Lynchburg Journal of Medical Science

Lynchburg Journal of Medical Science




Nancy E. Reid, MHA, DHSc, PA-C, DFAAPA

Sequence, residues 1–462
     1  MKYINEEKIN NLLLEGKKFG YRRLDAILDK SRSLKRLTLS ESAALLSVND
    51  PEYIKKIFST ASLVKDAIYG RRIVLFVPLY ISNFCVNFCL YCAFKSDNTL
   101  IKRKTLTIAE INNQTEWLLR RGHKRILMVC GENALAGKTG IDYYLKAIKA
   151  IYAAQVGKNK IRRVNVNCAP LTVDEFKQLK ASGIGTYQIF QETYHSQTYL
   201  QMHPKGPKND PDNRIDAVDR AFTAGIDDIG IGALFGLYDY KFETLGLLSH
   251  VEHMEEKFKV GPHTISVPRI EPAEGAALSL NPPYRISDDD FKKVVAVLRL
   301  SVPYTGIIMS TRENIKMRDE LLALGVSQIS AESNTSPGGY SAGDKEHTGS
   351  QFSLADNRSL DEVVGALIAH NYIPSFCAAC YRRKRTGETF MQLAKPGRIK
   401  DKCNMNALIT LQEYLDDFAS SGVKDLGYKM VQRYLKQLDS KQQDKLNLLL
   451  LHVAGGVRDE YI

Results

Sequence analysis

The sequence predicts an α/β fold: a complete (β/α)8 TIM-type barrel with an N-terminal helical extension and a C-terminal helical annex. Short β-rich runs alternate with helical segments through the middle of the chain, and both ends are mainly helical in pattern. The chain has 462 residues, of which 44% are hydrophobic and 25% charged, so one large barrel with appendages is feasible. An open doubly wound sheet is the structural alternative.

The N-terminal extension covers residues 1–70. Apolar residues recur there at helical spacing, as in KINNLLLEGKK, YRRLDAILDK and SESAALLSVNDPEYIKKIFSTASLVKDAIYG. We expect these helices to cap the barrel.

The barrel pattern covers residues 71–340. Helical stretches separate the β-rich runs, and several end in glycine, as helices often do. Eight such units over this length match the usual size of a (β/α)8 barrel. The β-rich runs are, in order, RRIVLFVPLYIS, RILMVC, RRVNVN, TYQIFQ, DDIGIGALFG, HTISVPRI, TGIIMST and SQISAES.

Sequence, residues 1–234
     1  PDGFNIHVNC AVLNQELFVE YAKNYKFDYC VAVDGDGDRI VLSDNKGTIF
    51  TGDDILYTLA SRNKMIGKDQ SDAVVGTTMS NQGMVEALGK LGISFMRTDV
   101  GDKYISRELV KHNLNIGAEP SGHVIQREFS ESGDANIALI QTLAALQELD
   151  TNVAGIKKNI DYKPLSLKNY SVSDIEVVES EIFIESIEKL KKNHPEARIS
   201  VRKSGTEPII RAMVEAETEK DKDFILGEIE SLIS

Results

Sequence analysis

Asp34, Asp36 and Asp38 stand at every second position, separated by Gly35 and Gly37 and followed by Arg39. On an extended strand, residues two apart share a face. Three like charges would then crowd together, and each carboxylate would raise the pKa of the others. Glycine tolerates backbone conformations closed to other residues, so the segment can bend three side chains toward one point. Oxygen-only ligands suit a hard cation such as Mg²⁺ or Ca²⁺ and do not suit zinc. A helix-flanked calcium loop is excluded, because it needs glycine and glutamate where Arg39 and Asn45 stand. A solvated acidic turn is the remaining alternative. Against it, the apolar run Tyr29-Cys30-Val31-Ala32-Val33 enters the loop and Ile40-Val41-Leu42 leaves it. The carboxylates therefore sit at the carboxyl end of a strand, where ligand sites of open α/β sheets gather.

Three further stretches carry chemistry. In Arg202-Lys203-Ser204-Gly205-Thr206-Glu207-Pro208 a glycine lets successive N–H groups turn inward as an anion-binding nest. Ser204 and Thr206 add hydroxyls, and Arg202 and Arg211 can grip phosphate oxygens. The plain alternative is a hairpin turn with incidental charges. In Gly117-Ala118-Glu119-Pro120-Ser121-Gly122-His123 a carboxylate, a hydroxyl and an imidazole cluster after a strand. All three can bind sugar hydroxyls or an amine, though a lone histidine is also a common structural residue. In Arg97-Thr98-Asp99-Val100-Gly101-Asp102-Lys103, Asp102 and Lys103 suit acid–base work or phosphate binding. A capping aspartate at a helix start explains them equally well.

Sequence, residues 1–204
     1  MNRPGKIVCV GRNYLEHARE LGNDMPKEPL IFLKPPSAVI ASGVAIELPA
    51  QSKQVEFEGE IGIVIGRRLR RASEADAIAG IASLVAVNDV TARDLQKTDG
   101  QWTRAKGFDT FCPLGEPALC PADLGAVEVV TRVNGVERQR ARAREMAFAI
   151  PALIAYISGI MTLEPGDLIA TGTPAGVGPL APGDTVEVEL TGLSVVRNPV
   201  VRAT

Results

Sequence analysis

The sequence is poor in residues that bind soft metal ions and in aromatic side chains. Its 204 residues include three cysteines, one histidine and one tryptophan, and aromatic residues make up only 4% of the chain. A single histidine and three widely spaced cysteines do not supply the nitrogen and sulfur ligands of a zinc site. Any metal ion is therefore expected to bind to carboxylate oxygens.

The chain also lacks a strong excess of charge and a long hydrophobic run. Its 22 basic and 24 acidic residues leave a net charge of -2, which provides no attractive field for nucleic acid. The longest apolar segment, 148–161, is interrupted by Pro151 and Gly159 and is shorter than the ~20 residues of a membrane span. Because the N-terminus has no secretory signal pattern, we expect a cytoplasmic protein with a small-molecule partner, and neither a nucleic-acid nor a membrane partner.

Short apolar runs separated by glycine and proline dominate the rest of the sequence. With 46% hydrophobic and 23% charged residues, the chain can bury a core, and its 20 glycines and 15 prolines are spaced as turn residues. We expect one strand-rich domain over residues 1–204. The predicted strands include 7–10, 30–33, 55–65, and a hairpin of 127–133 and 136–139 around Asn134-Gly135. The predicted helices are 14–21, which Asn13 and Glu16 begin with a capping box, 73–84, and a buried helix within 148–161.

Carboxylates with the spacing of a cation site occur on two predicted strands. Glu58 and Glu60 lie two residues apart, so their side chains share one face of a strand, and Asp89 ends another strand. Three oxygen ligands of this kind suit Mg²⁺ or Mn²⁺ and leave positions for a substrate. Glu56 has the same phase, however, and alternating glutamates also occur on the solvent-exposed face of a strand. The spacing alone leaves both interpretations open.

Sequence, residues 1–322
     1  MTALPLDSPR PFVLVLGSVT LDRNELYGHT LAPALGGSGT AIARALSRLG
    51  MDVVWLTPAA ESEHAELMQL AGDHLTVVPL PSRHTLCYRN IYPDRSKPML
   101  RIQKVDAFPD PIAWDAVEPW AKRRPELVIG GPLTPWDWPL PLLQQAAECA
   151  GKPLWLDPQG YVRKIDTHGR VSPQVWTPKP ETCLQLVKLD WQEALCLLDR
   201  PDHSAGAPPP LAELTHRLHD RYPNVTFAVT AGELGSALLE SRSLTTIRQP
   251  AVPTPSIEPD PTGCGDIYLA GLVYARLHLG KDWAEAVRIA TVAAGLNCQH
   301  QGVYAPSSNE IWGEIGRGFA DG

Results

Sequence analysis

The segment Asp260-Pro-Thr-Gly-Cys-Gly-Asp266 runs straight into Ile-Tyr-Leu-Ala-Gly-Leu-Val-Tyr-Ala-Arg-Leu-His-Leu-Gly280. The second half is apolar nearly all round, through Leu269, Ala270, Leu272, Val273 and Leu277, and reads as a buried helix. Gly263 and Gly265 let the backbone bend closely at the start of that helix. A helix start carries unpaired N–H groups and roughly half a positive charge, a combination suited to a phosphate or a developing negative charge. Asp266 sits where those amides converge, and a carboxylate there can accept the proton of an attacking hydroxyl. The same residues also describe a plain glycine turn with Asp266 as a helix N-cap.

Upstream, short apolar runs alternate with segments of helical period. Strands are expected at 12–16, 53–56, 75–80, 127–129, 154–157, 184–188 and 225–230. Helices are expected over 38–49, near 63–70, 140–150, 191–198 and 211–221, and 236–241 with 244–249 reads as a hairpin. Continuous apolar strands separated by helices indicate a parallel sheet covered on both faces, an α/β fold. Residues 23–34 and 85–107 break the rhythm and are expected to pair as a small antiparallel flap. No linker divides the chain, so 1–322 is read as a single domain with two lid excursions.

Total hip arthroplasty (THA) has been defined as the most successful surgery in the 20th century, as it is efficacious in treating pain and restoring the level of physical activity in line with the patient's age. One of the most common postoperative complications of THA is dislocation. Dislocation rates vary among specialized surgical approaches. In this study, the lowest dislocation rate among the anterolateral approach (ALA), posterolateral approach (PLA), direct lateral approach (DLA), and direct anterior approach (DAA) was examined. Each approach has associated precautions or risks that are essential to prevent dislocation in the early phases of postoperative care. The ALA risks include no early abduction, extension, or external rotation of the operative leg. The PLA cautions patients with hip flexion to 90⁰, adduction past midline and internal rotation of the affected side. The DLA patient follows precautions for no active abduction, passive adduction, or internal rotation. The DAA follows no extension, or external rotation of the operative side. This approach has the least precautions. Improved surgical technique including muscle sparing methodologies have decreased risk of dislocation overall. Patient education including preoperative classes directed by nurse navigators have also contributed to major awareness of hip precautions. Archives report increased dislocation rates for PLA compared to DLA, ALA, and DAA, but pooled data studies do not support this finding. In contemporary practice, the higher risk associated with PLA had declined and did not entail a substantial increased risk of revision surgery due to dislocation within 2 years from primary surgery compared with other approaches. The study yielded no statistically significant difference in dislocation rates among novel and deep-rooted approaches and the need for further investigation is truly warranted.


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